It's Too Bad All The News Cameras and Talking Heads In South Bend Didn't Cover This Event

It's particularly ironic when one who heals gets ALS.

Monday, May 18, 2009

Lou Who?

Ask a Little Leaguer or a high school first baseman about Lou Gehrig, and you may get a, "Lou Who?" response. It has been a long time since Lou starred for the Yankees.

We must not let his memory fade away. He is the only reason that ALS has a name and a fate that people remember.

ALSTDI has a program to keep Lou's memory alive through July 4 events. The concept is so simple that it just may work!

Please fire up the grill and ice down some cold ones (in memory of Babe) and have a 4 ALS barbeque that will keep the memory of Lou Gehrig alive. Please click the link and plan a July 4 that will be fun and will do some good, too.

CAMBRIDGE, Mass., May 18 /PRNewswire-USNewswire/ -- The ALS Therapy Development Institute (ALS TDI) announced its BBQ For ALS Awareness, is a national initiative designed to increase the awareness and understanding of ALS
(amyotrophic lateral sclerosis), otherwise known as Lou Gehrig's disease. To accomplish its goal, the campaign brings together three undoubtedly American activities on July 4th, 2009 -- an Independence Day celebration, the traditional summer barbecue (BBQ), and America's pastime -- baseball.

...and thanks once again to Michael Goldsmith.

Sunday, May 17, 2009

Nothing Is Ever Easy For Those Dealing With ALS

Below is a story about a family spending time and money and effort trying to advance the fight against ALS in Washington last week, and they didn't exactly encounter the friendly skies.

Following is from their complaint registered with USAirways. It is a good example of how we need to educate the public on the basics of ALS and respect. This kind of travel challenge reflects the rampant lack of public understanding of ALS and the constant difficulties that it presents to patients and caregivers. It also speaks to our social fabric and that our respect-for-life talk is sometimes better than our respect-for-life delivery.
Sent: Thursday, May 14, 2009 2:34 PM
To: Customer Relations
Subject: Complaint, Travel completed, Disability assistance
Importance: High
Salutation: Mrs.
First name: Glenda
Last name: Patterson
Category: Complaint
Travel time frame: Travel completed
Nature of feedback: Disability assistance
Origin city: WashingtonDC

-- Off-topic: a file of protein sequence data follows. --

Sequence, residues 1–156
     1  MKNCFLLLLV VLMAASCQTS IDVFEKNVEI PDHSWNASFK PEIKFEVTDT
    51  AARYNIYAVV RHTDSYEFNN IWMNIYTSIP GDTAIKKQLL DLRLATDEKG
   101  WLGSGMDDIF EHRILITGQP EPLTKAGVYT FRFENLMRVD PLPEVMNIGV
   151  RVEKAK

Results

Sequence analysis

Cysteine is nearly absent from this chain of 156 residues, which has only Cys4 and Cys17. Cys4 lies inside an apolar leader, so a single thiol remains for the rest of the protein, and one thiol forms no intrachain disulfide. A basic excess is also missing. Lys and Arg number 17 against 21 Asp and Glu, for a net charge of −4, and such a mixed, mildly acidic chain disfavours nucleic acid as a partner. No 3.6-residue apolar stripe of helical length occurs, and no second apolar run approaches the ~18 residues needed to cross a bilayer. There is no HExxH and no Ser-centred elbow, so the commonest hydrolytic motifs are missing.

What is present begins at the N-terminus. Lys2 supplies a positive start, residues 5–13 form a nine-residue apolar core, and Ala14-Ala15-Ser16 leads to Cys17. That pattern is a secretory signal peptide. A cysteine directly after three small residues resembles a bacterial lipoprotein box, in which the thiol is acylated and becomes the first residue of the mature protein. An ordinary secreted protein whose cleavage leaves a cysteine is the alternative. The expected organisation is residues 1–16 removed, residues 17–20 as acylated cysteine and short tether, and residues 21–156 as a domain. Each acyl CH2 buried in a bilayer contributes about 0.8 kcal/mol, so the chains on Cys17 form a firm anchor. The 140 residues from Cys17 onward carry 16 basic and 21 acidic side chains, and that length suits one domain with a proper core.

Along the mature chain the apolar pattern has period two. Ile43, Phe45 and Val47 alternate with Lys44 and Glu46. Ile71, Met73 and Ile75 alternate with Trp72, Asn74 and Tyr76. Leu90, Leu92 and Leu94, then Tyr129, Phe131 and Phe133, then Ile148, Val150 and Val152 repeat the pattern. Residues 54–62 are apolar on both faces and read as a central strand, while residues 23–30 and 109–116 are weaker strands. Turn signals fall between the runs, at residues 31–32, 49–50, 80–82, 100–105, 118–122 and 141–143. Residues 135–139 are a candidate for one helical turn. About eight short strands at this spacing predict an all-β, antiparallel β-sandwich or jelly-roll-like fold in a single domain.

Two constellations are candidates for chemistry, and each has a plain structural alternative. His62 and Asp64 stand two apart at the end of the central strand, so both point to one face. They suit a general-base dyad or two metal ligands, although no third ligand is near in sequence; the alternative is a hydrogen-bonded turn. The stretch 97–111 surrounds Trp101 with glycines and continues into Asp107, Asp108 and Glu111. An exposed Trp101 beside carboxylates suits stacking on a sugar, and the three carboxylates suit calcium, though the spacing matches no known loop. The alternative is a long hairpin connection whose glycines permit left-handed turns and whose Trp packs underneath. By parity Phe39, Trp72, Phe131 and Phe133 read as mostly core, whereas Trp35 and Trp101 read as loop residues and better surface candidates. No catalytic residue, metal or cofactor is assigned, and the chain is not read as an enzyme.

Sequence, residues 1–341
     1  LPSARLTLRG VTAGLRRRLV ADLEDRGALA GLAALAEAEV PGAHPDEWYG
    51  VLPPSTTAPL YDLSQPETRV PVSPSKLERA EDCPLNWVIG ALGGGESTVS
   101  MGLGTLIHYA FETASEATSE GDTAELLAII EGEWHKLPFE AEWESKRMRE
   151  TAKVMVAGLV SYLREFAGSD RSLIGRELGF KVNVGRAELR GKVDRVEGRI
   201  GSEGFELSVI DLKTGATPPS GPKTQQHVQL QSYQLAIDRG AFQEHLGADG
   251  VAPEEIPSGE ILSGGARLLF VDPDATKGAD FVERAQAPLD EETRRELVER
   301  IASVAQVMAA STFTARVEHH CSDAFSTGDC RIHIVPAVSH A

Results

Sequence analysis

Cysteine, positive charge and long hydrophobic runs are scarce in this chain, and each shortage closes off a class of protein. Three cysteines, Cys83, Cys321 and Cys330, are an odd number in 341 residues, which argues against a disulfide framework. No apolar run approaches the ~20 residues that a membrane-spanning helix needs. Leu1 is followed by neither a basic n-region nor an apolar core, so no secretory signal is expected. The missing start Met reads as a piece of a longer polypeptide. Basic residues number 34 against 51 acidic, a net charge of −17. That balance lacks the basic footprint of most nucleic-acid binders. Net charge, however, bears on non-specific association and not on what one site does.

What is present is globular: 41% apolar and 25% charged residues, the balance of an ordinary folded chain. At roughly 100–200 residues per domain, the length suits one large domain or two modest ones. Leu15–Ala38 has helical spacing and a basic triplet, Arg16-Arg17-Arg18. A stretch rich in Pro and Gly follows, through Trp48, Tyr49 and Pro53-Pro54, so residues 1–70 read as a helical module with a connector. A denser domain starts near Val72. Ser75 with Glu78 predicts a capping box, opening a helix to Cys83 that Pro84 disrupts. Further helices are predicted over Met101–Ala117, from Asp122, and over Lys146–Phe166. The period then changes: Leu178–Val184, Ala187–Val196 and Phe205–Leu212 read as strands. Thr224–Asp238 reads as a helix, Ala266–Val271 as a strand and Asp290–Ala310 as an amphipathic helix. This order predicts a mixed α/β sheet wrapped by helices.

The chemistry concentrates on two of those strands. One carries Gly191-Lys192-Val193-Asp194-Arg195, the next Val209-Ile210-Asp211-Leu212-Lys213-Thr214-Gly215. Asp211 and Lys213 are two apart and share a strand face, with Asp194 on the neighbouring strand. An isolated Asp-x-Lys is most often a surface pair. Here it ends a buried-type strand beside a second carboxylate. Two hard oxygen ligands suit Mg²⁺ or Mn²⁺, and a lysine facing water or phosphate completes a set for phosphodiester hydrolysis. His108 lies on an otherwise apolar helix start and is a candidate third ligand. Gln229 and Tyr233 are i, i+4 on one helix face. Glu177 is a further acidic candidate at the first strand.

Destination city: Orlando FL
Flight number: 1189
Travel date: 05/13/09

Comments: Upon boarding the pilot INSISTED that the battery be disconnected from Ken's power wheelchair for transport even though it is a gel battery and is not required. In fact even the mechanic told the pilot it was safer to leave the battery connected because it was very well insulated. He said no and they escorted me to the chair so I could instruct them in the operation of the chair and disconnecting the battery. Upon arrival in Orlando, I exited the plane first to help get the chair ready for my husband. While I was doing that, I could see in the window of the plane there were people gathered around our seats and told Phil (last name unknown) they COULD NOT move him without me there.He assured me they would not do such a thing.
Ken has ALS (Lou Gehrig's Disease) and has little to no use of his voluntary muscles, therefore he can not speak clearly to make his needs known. I left our 16 year old daughter with him as she is the only other person with the ability to understand him. There is absolutely nothing wrong with my husbands brain and is very likely more intelligent than those that were gathered around him. Phil sent someone up to tell them NOT to move him. The pilot then instructed them to "get this man off of HIS plane".
My husband has a feeding tube as well as a diaphragm pacer and due to the decreased muscle in his diaphragm has issues breathing...none of the airline personnel knew this because they could not understand Ken, even though he and Tabitha tried to tell them not to move him.We were having trouble getting his wheelchair operational when someone on the radio said he was being moved up to the gate. I RAN to where they were wheeling him and hear him crying hysterically and see Tabitha crying because no one would stop so she could understand what he was saying. He had to sit in the aisle wheelchair, in pain for better than 30 minutes while we were getting his chair operational. I could not help work on the chair and tend to my panicing husband who was sliding out of the chair because once again he has little or no use of his muscles.